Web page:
Samoyeds are descended from the Nenets herding laika, a spitz-type dog from Siberia used for sledding, herding, guarding, and keeping their owners warm.
Fridtjof Nansen believed that the use of sled dogs was the only effective way to explore the north and used Samoyeds on his polar expeditions. His plan to feed the weaker dogs to the stronger ones as the former died during the expedition ultimately consumed nearly all of his dogs.
The Samoyed has been identified as a basal breed that predates the emergence of the modern breeds in the 19th Century.

The Samoyed is a medium-sized dog with a height ranging from 19 to 23 1/2 inches and weight from 50 to 65 pounds (23 to 29 kilograms).
Samoyeds are squarely built, sturdy dogs, with a fluffy plumed tail curled over the back and draped to one side.
The ears are prick and the head is broad. The corners of the lips curl up to give the characteristic "Sammie smile." Samoyeds should have nice dark pigment around the eyes, nose, and lips despite the white coat color.
The sparkling white coat is the glory of the Samoyed breed. As would be expected for a breed of northern origin, this is a thick, harsh, straight coat with a very full undercoat. The color is a striking white though biscuit or cream coloration is allowed. The coat stands out from the body giving a fluffy appearance to the Samoyed.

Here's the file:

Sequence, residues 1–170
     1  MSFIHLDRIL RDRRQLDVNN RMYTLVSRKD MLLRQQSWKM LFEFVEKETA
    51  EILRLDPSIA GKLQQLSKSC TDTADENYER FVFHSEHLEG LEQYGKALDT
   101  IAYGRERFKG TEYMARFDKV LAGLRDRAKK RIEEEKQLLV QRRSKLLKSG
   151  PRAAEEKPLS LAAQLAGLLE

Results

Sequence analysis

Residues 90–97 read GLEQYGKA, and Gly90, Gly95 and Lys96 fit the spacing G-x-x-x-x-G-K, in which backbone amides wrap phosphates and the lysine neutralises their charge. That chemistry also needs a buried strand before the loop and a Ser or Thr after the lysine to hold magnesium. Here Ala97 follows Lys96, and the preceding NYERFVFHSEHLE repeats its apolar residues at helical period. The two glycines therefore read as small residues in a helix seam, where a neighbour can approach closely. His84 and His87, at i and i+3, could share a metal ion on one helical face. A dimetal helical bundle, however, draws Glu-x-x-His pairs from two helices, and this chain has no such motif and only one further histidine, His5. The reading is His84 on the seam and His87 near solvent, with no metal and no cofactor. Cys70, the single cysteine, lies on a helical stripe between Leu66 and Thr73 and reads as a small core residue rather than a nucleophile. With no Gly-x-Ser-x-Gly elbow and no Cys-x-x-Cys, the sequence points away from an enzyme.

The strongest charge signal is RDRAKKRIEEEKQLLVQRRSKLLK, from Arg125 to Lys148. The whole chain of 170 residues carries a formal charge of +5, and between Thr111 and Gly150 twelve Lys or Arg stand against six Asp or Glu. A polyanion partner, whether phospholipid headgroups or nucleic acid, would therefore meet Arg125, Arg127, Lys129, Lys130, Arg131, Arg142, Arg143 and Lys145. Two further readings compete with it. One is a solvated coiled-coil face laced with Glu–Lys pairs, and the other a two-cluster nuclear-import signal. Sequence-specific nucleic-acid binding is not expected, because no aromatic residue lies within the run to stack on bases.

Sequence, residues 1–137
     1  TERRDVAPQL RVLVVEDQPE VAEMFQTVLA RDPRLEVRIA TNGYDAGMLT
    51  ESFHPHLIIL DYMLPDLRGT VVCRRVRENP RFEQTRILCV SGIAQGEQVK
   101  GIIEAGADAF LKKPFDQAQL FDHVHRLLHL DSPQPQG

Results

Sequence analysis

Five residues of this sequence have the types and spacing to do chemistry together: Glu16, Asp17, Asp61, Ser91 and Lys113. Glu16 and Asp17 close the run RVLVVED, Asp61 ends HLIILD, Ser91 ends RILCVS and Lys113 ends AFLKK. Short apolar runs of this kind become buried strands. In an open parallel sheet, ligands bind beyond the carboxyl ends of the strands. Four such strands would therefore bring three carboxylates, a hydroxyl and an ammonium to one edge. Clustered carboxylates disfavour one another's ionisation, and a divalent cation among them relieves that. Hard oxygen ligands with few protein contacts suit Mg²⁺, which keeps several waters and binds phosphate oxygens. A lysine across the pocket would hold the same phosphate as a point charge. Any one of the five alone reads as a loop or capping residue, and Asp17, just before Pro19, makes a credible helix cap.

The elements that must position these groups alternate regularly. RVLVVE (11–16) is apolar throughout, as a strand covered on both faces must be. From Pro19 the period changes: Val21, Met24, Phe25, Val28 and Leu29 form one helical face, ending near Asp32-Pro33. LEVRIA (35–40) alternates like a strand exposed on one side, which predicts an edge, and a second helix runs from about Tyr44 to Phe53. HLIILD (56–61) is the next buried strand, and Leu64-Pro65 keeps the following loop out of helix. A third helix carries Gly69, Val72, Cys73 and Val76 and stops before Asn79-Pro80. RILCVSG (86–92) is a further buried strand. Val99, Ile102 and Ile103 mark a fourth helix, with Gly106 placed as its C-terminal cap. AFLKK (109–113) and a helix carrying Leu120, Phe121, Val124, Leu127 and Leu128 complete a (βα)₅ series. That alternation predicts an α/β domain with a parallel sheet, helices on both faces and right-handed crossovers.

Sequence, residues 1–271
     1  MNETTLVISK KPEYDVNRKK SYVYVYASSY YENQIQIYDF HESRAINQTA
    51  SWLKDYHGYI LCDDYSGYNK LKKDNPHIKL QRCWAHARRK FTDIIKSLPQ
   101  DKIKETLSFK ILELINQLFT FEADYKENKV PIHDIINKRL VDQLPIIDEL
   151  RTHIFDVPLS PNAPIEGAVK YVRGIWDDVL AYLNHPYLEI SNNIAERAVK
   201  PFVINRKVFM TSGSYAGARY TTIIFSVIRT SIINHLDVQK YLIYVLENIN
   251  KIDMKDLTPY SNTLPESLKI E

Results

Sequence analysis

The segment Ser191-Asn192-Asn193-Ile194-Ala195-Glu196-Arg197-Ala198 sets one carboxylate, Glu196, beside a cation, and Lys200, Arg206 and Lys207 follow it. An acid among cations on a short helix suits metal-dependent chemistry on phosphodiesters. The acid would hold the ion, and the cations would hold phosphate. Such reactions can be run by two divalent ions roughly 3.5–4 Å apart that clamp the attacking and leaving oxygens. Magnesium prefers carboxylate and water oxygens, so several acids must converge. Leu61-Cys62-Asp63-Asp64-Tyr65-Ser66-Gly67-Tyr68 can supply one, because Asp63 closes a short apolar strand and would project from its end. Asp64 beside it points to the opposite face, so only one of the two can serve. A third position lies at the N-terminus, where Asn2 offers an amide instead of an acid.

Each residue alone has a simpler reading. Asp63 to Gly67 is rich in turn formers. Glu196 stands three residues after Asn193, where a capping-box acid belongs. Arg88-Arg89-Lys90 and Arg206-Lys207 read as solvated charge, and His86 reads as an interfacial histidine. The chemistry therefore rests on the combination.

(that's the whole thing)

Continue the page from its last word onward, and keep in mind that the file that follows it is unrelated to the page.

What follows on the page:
Personality:
The Samoyed is a friendly, personable dog. These are intelligent dogs, with a touch of independence. Bred to live in a tent in very close quarters with their families, they thrive on human company. Samoyeds will alarm bark and, if left alone for long periods of time, will often develop into nuisance barkers. Digging can be a problem because they dig to reach a cool resting place.
Samoyeds tend to get along well with other dogs as well as people and with other pets they are raised with. They are herding dogs and may show some tendency to chase or nip. In general, they get along well with children, although they can be a little boisterous for small toddlers.


Living With:
Samoyeds are another of the truly easy-to-keep breeds, thriving on fairly small amounts of top quality food. Too many treats or not enough exercise can easily lead to obesity. Samoyeds tend to be hardy, long-lived dogs, often reaching 12 or 14 years of age.
These are active dogs and need daily exercise. Since Samoyeds are so attuned to people, they enjoy training and will happily compete in obedience, agility, herding, sledding, and weight pulls. They do not do well if left alone for long periods of time. Samoyeds usually alarm bark but then greet the stranger with a wagging tail and tongue. The characteristic "Sammie smile" with the curved lips is not in any way an expression of aggression.
Samoyeds can be a bit independent and do best with early training and socialization with a firm but gentle hand. They are happiest when given chores to do, even if just pulling a cart in a parade. Grooming must be done daily or nearly so, especially during shedding time.


 


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